In the online training world, numerous software platforms and applications have made it possible to build very specific course topics. The phenomenon is called micro-learning, and it’s driving a revolutionary shift in corporate and academic e-learning. How can you build your own courses using these new tools and techniques?
I mean the craft of storytelling.
When we sell an idea, like a product, or show others how to apply a principle through a training course, we resort to telling a story. Some stories are whiz-bang, like a movie with poor dialogue but brilliant special effects.
Other stories are more focused on character development, witty patter and cleverly-devised situations, but not so much on the explosions.
What they all have in common is a craft.
George Orwell wrote that in 1946. And it’s true today. It’s one of those timeless sentiments that can be applied to almost any situation.
Here, it’s used for an innocent purpose; to point out that putting together corporate training courses can seem difficult, but if you simply look around, you’ll find the content you need is, well, in front of your nose.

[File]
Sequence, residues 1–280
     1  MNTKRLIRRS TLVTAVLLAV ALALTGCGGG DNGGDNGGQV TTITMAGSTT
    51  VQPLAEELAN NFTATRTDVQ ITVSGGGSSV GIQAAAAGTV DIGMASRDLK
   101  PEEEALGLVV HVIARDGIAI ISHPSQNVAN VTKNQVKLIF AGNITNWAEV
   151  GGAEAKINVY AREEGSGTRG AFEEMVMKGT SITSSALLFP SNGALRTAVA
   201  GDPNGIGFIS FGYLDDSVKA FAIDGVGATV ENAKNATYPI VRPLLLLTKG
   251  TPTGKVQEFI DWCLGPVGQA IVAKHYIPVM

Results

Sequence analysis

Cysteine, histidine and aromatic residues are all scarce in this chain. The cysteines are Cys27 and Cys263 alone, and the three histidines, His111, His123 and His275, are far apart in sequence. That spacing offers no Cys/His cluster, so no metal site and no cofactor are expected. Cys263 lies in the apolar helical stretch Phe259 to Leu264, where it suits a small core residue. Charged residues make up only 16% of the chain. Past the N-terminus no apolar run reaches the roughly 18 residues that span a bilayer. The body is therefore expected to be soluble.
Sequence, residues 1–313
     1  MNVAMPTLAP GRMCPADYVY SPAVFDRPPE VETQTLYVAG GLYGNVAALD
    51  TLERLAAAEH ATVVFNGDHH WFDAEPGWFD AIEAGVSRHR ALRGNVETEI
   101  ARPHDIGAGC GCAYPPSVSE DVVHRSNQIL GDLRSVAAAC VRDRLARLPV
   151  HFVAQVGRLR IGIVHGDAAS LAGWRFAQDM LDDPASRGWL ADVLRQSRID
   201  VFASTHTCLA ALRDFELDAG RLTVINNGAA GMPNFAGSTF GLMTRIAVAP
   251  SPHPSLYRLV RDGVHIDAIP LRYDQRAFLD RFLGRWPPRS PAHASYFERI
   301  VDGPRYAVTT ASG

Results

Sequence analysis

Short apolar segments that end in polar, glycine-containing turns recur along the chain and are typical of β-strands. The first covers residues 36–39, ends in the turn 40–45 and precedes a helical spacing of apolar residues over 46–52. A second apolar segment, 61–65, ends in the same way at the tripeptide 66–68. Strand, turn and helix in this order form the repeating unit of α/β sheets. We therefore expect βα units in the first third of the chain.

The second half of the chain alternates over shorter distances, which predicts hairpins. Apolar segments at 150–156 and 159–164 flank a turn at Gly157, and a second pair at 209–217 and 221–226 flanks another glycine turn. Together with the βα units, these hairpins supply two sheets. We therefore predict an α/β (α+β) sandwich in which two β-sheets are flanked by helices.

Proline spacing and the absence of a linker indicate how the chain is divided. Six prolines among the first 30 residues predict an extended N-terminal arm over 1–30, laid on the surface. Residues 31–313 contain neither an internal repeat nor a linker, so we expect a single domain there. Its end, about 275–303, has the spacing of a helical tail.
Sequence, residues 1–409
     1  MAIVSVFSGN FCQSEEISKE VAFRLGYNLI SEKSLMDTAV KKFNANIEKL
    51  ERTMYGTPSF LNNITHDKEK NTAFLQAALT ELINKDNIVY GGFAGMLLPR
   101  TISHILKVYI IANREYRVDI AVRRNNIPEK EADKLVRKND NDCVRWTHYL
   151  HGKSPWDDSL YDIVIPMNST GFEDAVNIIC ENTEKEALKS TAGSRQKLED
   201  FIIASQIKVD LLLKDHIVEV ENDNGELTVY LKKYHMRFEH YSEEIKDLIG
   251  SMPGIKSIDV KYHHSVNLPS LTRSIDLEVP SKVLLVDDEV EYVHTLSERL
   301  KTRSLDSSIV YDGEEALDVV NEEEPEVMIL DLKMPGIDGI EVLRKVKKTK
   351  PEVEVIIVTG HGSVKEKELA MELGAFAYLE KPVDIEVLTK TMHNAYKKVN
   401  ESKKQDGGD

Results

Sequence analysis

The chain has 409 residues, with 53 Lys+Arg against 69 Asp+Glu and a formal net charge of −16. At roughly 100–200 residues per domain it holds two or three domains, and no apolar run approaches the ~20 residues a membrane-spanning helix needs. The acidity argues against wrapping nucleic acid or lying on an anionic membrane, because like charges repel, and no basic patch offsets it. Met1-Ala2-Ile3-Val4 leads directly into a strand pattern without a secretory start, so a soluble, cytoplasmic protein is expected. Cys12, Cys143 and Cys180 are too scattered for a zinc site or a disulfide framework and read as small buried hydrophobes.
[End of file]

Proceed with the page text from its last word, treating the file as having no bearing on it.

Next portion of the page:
The Current Thought On Training
Elliott Masie’s Learning 2012 Conference was held this October in Orlando, Florida. This is the foremost conference for current thought on learning and corporate training. The event typically keynoted by people of note like Colin Powell, Bill Clinton, Malcolm Gladwell, and Susan Cain.
The topics range from using mobile technology for online learning courses to using video for training in the workplace. The people leading sessions include thought leaders from learning institutions, global companies, software and service providers, and others who specialize in training and leadership.
KnowledgeVision’s Michael Kolowich led an inspiring session on how to create training courses using materials most companies already have. The dilemma that trainers face is that building a course seems to require new content, new video, and a new script. But it’s not true.